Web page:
Consumer prices rise at their fastest pace in decades

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Consumer prices rise at their fastest pace in decades

A key inflation gauge that revealed consumer prices rose last month at their fastest pace in decades could lead the federal reserve to begin shaping the groundwork to begin curbing its massive monetary support to the economy.

The Labor Department announced Thursday that the Consumer Price Index jumped 5% from January to an estimate a year before, it was the fastest year-over-year jump since 2008. Excluding volatile food and energy data, core inflation rose from a year earlier to 3.8%, the highest since June 1992.

The data could have significant implications for the U.S. Central Bank, according to Gary Pzegeo, managing director of fixed income at CIBC Private Wealth Management.

May's CPI data could tip the scales towards an earlier tapering discussion, but should not cause alarm at the Fed, said Pzegeo. The release was above expectations, but underlying price trend confirms the known impact of base effects and bottlenecks that the Fed has categorized as 'transitory' for the past several months.

Although policymakers are publicly committed to hold interest rates low where they have sat since March 2020 until the economy reaches maximum employment and inflation moderately exceeds 2% for some time, at least five Fed officials have suggested that discussion could take place soon regarding increasing the dollar amount of $12 billion in monthly asset purchases, a policy designed to keep credit cheap.

It may be time to at least think about tapering, said Philadelphia Fed President Patrick Harker last week.

Minutes from Fed meeting, 27-28 April also suggested that officials are inching toward a discussion about weening its support for the economy. Although most policymakers agreed they need to see substantial further progress in their goals of inflation and full employment, a number of officials said that if the economy continued to make rapid progress toward the committee's goals, it might be appropriate at some point in the upcoming meetings to discuss a plan for adjusting the pace of asset purchases.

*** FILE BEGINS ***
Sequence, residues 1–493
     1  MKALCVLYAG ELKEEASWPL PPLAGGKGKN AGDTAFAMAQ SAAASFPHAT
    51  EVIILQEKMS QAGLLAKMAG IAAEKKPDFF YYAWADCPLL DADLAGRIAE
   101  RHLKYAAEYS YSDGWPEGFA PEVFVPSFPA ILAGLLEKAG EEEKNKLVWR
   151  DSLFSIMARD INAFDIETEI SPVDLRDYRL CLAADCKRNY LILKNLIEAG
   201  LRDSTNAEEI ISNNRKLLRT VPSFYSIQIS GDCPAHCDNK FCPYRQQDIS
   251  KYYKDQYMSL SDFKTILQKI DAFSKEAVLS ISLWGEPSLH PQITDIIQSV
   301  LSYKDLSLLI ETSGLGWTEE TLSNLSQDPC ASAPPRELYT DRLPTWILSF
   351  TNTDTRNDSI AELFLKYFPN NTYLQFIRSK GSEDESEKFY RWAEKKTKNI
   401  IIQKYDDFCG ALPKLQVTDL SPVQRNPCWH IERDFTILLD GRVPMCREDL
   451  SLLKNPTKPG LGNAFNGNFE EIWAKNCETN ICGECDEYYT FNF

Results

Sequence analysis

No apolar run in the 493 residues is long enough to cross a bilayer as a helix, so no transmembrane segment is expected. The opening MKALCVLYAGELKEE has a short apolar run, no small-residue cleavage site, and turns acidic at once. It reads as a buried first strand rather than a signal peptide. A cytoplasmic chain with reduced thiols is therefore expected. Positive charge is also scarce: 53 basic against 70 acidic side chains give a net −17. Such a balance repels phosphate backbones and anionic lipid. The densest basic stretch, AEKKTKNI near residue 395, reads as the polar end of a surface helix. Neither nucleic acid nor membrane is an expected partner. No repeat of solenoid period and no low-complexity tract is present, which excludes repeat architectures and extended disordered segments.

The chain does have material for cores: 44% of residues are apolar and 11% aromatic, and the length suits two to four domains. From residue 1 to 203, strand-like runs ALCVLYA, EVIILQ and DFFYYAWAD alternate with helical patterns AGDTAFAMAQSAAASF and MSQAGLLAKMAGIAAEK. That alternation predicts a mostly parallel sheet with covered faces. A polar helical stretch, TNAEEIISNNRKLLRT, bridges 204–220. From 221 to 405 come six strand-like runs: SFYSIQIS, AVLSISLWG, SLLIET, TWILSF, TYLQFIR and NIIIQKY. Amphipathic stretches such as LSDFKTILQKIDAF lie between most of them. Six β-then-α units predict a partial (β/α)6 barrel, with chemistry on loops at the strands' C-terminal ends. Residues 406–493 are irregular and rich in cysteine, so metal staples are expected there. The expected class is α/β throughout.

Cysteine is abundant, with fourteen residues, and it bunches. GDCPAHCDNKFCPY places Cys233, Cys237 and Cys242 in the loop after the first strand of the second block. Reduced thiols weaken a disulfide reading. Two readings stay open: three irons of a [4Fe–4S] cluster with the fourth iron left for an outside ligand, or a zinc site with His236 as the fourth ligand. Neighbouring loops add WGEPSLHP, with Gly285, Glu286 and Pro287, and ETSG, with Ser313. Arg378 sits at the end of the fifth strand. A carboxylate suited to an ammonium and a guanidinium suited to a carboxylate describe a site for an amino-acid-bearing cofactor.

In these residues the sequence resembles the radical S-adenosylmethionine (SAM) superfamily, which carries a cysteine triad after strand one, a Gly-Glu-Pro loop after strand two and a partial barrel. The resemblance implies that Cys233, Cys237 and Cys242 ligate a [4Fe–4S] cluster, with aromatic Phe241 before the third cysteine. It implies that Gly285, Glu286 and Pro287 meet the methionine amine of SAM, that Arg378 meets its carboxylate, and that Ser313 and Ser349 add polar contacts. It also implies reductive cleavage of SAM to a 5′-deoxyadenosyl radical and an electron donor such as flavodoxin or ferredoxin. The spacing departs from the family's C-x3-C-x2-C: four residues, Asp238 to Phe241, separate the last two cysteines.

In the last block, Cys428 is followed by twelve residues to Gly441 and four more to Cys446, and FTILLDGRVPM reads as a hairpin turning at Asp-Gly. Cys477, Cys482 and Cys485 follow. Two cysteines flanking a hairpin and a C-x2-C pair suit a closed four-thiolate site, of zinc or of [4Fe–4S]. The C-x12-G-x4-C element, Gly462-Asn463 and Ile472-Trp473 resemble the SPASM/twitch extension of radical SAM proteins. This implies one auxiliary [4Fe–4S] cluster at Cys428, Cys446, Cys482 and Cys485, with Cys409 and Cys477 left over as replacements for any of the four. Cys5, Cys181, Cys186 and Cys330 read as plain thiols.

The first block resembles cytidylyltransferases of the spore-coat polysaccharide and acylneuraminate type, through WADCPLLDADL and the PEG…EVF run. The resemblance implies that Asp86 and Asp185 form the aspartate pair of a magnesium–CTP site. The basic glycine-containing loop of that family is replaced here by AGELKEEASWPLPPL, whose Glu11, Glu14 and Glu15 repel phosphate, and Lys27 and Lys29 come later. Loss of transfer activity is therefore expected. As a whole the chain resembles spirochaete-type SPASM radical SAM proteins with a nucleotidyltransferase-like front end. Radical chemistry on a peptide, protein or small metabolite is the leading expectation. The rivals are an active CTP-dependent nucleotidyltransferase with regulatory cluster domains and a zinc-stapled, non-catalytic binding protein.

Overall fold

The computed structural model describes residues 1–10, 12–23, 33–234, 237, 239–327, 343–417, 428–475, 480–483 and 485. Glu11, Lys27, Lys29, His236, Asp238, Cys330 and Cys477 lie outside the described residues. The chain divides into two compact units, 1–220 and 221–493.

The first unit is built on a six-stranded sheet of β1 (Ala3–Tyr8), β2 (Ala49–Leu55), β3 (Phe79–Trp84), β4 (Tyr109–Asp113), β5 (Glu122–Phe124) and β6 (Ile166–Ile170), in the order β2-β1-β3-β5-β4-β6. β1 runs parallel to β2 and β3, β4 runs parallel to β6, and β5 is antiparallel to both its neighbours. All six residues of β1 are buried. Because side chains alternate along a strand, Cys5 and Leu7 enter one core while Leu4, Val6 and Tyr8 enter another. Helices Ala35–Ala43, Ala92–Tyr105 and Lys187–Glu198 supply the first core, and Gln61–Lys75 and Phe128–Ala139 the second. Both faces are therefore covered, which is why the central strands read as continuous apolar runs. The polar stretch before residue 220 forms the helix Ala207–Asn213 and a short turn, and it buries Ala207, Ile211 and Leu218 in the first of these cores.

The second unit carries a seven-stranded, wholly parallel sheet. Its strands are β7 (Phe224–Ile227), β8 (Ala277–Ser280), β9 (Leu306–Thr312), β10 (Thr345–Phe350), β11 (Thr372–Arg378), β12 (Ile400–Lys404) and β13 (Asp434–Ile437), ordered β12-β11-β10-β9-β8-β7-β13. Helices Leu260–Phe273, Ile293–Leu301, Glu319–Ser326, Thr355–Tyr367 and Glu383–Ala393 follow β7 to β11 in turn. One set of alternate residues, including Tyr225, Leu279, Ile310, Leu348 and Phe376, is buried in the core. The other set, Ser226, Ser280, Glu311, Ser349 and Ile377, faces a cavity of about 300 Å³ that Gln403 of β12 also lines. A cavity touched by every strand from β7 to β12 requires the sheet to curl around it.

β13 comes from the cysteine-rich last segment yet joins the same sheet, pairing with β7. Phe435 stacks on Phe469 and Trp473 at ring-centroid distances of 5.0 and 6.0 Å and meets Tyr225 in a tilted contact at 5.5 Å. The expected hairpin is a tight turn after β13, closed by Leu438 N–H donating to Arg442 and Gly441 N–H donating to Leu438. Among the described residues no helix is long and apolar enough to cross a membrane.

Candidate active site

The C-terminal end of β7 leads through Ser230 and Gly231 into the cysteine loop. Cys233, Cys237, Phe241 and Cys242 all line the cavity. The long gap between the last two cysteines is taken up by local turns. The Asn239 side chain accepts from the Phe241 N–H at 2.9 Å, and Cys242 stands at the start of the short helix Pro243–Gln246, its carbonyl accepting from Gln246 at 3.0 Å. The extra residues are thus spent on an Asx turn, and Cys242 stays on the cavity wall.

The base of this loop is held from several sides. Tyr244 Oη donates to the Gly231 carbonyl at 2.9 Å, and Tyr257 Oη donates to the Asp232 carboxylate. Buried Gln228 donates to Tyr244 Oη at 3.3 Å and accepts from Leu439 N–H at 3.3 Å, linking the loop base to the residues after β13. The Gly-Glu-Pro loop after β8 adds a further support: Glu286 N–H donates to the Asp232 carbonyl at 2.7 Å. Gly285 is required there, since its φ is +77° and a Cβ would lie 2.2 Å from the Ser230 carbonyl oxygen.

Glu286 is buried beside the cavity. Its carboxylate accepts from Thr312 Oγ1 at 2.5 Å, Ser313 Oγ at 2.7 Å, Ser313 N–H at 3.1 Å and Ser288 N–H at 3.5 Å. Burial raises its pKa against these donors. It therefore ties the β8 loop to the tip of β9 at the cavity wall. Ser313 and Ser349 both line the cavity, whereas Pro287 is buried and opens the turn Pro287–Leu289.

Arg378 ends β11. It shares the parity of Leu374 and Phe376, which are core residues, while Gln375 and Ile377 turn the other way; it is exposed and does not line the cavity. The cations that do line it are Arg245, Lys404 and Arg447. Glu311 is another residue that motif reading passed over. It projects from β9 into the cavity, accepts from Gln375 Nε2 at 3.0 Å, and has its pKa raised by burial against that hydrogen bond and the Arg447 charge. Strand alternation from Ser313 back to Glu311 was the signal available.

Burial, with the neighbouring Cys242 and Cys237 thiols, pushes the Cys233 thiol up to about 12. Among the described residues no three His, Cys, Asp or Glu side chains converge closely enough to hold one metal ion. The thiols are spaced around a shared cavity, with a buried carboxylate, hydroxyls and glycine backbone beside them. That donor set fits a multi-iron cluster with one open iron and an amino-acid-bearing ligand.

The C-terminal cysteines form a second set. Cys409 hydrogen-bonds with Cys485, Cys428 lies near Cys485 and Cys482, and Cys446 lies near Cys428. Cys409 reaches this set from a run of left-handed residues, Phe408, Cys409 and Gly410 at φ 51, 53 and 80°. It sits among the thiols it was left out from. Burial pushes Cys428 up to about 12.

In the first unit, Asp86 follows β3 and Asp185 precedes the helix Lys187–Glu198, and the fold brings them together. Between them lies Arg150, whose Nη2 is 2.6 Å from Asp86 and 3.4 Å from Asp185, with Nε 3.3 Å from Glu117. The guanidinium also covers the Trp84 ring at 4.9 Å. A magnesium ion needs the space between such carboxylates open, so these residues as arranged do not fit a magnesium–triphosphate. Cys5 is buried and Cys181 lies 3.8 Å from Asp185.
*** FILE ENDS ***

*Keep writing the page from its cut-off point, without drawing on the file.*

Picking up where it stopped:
That was the clearest sign yet that Fed officials are beginning to think about dialing back support and tightening monetary policy. Chairman Jerome Powell has been repeatedly asked whether the Central Bank is talking about reducing its quantitative easing program?

No, it is not time now, Powell said during an April press conference in May. We've said we'll let the public know when it is time to have that conversation, and we've said we would do that well in advance of any actual decision to taper assets purchases, and we will do so.

These are also misleading signals from the latest economic data : although inflation is increasing, job growth has been anemic with employers hiring far less workers than expected in April and May.

The mixed nature of these key announcements may give the Fed some time before it has to consider removing the current extraordinary accommodation, but they will likely use either the statement or chairman's press conference to note next steps in the discussion of curtailing its asset purchase program, said Pzegeo.

From June 15 - 16, the Federal Reserve officials will hold a two-day policy meeting next week, where they are expected to shed light on the monetary policy and the state of the U.S. economy.

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